If acting through local leaders enables outside agencies to channel considerable amounts of resources towards rural communities in a short span of time, it increases the probability of misuse of these resources by local elites which stand reinforced in the process. In lineage-based societies, local chiefs and elders from dominant lineages are ideally positioned to thus ‘capture’ the benefits of decentralized development programs or projects. Instead of ‘father figures’ clinging to their traditional duties of guaranteeing people’s livelihoods, redistributing wealth and settling conflicts in such a way as to maintain the existing social order, the erstwhile elite become greedy individuals who show all the less restraint in enriching themselves at the expense of their community as they are actually legitimated by outside actors 1. By virtue of their dominant position, they can thus manipulate participatory methods by subtly representing their own interests as community concerns expressed in the light of project deliverables (Mosse, 2001). In Senegal (in the Petite Côte and Casamance, in particular), for example, municipal bodies or rural councils used the new prerogratives accorded them under the decentralization scheme to get involved in dubious dealings such as sales of rural lands to touristic and other business interests without consulting the communities concerned as they should have done.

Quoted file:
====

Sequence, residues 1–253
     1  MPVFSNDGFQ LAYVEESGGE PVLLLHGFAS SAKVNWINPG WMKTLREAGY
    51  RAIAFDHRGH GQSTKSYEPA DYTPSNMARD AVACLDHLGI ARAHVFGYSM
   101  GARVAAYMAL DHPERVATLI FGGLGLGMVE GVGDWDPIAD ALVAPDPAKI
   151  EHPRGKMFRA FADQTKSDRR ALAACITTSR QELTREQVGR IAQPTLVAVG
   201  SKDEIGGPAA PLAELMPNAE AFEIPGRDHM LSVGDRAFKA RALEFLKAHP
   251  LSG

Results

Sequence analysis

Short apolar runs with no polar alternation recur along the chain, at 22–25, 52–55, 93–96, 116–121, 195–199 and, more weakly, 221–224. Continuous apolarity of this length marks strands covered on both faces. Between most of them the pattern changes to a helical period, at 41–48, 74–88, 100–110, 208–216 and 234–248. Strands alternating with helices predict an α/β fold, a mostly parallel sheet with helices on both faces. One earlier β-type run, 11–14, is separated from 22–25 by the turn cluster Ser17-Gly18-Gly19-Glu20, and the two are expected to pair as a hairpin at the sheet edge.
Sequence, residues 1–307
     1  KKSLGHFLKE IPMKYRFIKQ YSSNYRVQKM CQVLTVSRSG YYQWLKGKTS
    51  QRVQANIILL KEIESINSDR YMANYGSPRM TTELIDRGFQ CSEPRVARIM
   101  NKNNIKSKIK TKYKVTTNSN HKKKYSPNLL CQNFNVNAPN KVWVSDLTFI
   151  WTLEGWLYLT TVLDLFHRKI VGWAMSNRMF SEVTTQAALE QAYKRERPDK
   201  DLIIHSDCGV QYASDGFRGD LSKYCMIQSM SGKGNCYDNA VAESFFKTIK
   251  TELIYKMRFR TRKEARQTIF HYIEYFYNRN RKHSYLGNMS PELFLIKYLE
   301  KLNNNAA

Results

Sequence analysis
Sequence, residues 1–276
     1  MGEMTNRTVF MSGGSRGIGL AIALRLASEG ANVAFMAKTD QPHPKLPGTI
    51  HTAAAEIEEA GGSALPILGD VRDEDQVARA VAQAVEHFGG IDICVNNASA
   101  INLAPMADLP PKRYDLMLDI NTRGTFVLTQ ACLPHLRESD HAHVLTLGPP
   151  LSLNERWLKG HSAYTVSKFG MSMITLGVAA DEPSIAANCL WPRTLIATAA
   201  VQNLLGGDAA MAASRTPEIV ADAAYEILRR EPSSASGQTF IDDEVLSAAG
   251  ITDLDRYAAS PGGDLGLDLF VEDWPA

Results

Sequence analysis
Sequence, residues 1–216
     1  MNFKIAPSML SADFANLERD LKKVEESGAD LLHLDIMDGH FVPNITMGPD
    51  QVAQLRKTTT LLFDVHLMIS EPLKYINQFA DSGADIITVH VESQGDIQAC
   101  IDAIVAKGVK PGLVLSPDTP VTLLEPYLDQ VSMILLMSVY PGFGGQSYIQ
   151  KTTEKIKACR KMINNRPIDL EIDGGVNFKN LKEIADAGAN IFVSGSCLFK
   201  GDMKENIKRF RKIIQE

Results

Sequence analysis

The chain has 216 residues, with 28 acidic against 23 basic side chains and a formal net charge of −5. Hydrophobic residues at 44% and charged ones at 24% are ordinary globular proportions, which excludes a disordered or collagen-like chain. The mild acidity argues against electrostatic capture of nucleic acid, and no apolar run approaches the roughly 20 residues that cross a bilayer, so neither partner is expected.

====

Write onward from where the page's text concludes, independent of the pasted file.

The traditional elite are not the only category of persons to benefit from the newly channeled resources since they are frequently involved in tactical alliances with educated persons and politicians operating outside the village domain. Thus, in SubSaharan Africa, it is a frequent practice for chiefs to coopt new elites in their village ‘associations’, for example by creating neo-traditional titles that are then sold to the new rich eager to acquire a political base in the countryside (Geschiere, 1994: 110; Bayart, 1989).

In the other way around, the urban, rather than the rural elite may be responsible for initiating the process that deflects the participatory development program from its intended purpose. Witness to it is the rapid multiplication of national NGOs that are created at the initiative of educated unemployed individuals, politicians, or state employees who may have been laid off as a result of structural adjustment measures. These people, acting as ‘development brokers’, have been quick to understand that the creation of an NGO has become one of the best means of procuring funds from the international community In some areas, they have been accustomed to just doing that since colonial or pre-colonial (slavery) times (see Bayart, 1989).